Cornish Hen Curry

 

cornish hen curry 3

 

One Saturday morning, we woke up later than usual. This sort of thing, the sleeping in on the weekends kind of thing does not happen very often in a family with children. All of you who are parents will be well aware of that.

 

 

We started the day slowly, talking over tea, catching up with the happenings of the week. It was just what a perfect weekend should be like. These days always remind me of the Sundays back home. Long hours of tea, Marie biscuits and newspapers, little chit chats. Sometimes we would have friends of my parents walk in, as they stopped by during their morning walk.  Ma would make more tea, and then some more.  The “adda” would build up.

 

Indian spices 2

 

As the sun started climbing up, baba would head out the bazaar on his bicycle and ma scooted to the kitchen to make lunch. I would wait for my favorite episodes in the television. Everything seemed to move in slow motion.

After what felt like many years, I could feel that same relaxed vibe on this Saturday; just one of those days that connects me with my childhood.

 
Cornish Hen Curry Diptych 2
 

Finally when we stretched out and got up, I realized there was no lunch. No leftovers either. We could have gone out but the way things were moving, none of us really felt like stepping out.

 

I had also marinated this little cornish hen the night before  and it needed to be cooked. As it got close to noon time, I started cooking. The weekends, especially Sundays at home were filled with the aroma of the Robibar er Murgi r Jhol. Nothing beats that. It makes me happy that my older daughter sniffs around the kitchen waiting for food, just like I would whenever there is a chicken curry brewing on the stove.

Spices blend, onions caramelize and then the most sensational fragrance emits and dance around the lazy home as the pressure cooker hisses.

This time it was not much different than another chicken curry. The subtle nuances were only in the tenderness of the cornish hen and the way it absorbs all the flavors.
cornish hen curry 4

 

Cornish Hen Curry

Ingredients: (serves 2)

  1. 1 Cornish hen, cleaned and skin removed
  2. 1 tablespoon lemon juice
  3. a sprinkle of salt
  4. 1 tablespoon red chili powder/paprika or cayenne
  5. 2 tablespoon yogurt
  6. 1.5 cup packed  thinly sliced onion (pref. red onion)
  7. 4 tablespoon oil
  8. 2 green cardamom
  9. 2 inch stick cinnamon
  10. 1 clove
  11. 1/4 teaspoon methi/fenugreek seeds or 1/2 teaspoon methi-koot/broken methi seeds (optional;  If you do not have it, do not bother just skip it or you may add some kasuri methi/dried fenugreek leaves while it is cooking). 
  12. 1 tablespoon ground or grated fresh ginger with 2 pounded hot green chilli peppers (skip the peppers if you do not want spicy)
  13. 1 tablespoon chili garlic paste
  14. 1 large vine ripe tomato (about a cup – 8oz measured), grated
  15. 1 tablespoon coriander powder (dry grind coriander seeds in a spice/coffee grinder or with a mortar and pestle)
  16. 1 teaspoon turmeric powder
  17. 2 small potatoes (optional), peeled and quartered
  18. salt to taste
  19. 1 teaspoon garam masala
  20. fresh cilantro for garnish
  21. freshly squeezed lime juice

 

Method:

The cornish hen usually comes frozen. Defrost it in the refrigerator for 24-36 hours.

Clean the hen and remove the skin. In recipes for chicken in India, the skin is almost always removed.  Make deep slits on the breast and the thighs. Rub in some salt, red chili powder/paprika or cayenne and a tablespoon of lemon juice all over and allow it to sit for about twenty minutes.  Next rub in the 2 tablespoon of yogurt and half the amount of the ginger chili paste and let it sit in the fridge for a couple of hours. Overnight will not hurt. Just make sure that you bring the chicken to room temperature when ready to cook.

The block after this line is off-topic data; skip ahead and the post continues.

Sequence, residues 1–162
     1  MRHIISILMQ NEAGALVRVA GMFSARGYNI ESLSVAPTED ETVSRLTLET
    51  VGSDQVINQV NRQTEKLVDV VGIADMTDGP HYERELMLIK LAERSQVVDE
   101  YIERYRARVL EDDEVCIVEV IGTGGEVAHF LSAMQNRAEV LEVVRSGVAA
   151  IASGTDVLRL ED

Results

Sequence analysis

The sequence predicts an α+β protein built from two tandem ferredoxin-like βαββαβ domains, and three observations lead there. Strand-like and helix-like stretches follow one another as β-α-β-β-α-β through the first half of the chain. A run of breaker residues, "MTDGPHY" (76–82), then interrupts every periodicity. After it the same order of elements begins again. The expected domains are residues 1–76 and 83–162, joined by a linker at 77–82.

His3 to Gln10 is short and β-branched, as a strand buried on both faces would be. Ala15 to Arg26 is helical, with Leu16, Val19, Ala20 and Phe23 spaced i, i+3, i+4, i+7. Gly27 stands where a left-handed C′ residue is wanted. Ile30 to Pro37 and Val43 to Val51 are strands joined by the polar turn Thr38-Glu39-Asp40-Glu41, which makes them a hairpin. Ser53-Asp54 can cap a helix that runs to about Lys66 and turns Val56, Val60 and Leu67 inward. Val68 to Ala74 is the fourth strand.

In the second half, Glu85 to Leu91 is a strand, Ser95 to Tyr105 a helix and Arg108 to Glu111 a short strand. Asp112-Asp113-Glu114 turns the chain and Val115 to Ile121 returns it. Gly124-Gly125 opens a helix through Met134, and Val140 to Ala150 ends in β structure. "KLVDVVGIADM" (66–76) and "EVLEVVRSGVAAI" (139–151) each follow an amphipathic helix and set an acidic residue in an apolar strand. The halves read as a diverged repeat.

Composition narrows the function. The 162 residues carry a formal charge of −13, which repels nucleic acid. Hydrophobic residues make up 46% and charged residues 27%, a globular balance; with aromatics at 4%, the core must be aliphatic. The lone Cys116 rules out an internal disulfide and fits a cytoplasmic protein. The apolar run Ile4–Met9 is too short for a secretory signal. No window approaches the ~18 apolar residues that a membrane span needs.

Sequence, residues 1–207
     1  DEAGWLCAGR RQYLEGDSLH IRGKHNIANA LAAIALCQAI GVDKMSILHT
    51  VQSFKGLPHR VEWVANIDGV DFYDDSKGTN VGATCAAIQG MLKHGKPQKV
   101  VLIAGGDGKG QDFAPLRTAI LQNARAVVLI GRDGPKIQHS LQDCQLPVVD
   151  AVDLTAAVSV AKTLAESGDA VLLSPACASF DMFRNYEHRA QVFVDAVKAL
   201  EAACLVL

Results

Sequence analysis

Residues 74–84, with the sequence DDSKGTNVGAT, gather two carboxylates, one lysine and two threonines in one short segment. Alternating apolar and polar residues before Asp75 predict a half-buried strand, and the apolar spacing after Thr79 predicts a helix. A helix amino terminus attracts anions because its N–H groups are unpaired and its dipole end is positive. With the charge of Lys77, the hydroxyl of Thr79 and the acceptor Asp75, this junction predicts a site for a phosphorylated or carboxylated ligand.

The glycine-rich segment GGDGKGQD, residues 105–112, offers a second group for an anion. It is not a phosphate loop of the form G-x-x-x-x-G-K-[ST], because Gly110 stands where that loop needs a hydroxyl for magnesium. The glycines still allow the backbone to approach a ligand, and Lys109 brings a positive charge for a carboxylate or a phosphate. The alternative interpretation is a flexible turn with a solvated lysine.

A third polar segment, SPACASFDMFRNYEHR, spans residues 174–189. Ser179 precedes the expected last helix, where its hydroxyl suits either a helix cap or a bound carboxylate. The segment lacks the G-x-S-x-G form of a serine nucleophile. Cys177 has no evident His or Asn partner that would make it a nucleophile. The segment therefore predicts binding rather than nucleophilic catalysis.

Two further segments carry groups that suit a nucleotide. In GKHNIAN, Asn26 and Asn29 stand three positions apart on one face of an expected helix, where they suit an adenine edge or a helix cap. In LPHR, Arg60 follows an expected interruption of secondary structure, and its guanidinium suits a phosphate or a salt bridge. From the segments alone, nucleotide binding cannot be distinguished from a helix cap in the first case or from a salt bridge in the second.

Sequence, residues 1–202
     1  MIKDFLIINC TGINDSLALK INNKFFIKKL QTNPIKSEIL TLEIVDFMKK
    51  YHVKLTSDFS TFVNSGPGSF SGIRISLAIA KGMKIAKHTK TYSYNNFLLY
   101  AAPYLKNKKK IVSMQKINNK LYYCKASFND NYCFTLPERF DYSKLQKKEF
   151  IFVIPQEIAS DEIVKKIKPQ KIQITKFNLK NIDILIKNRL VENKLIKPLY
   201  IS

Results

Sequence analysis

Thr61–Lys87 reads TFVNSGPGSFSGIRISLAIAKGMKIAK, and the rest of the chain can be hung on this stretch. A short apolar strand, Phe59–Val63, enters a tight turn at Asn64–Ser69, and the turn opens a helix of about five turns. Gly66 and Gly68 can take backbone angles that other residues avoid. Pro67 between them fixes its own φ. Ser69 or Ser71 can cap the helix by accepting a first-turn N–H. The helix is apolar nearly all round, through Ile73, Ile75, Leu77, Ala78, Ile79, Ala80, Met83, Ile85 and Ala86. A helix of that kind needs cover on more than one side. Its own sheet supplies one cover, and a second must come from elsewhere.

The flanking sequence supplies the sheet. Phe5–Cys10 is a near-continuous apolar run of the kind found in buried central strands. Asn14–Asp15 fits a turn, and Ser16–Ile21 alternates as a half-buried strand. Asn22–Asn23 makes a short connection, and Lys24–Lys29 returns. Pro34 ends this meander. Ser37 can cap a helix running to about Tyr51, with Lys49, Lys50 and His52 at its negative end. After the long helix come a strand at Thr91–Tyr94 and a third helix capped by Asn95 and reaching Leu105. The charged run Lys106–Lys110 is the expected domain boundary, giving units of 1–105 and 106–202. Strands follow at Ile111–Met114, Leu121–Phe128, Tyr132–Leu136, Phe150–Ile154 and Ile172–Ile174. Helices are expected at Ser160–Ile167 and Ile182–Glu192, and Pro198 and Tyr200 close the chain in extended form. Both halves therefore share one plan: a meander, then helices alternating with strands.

If you are using potatoes, add a little bit of oil  in a  heavy bottomed pan with a tight fitting lid, or a pressure cooker large enough to hold everything in a single layer and shallow fry the potatoes until they start to brown. Remove and set aside. Add the rest of the oil and add the spices (cinnamon, cardamom and clove). When they start to sizzle add the methi seeds (if you are using them) and then add the sliced onions.

Fry the onions slowly until they start to soften and slightly brown on the edges. Remove the chicken from the marinade and place in the pan/pressure cooker and slowly brown it on all sides turning it occasionally very carefully. It should just be golden brown.

Now combine the ginger chili paste, garlic chili paste, grated tomato, turmeric powder, and coriander powder in a small bowl. Add this mix to the pan and stir it gently so some of it coats the chicken. Cook in low to medium heat, while stirring a few times, until the mix is cooked, reduced in amount and starts to leave the sides of the pan. The raw taste/aroma should be gone and you will see the oil leaving the sides of the pan. Make sure the spice mix do not get stuck at the bottom of the pan and burn.

Add about  1.5 – 2 cups (8 oz) of warm water (the amount is approximate. If you wish to have more sauce like a stew, add more and vice versa) and the potatoes if you are using them. Give it a good stir, taking care that the chicken is not tossed around much or broken. Cover and cook until the chicken is cooked through. If there is too much sauce and you want less, uncover and cook for a while to reduce the sauce. When done, stir in the garam masala.

Finish off with a squeeze of fresh lime or lemon juice and fresh cilantro.

Serve with bread/flatbread or rice if you want with a salad/kachumber on the side.

Preparation Time: 1 hour
Cooking Time: 1.5 hours
Difficulty Level: Intermediate
Serves: 2

cornish hen curry 1
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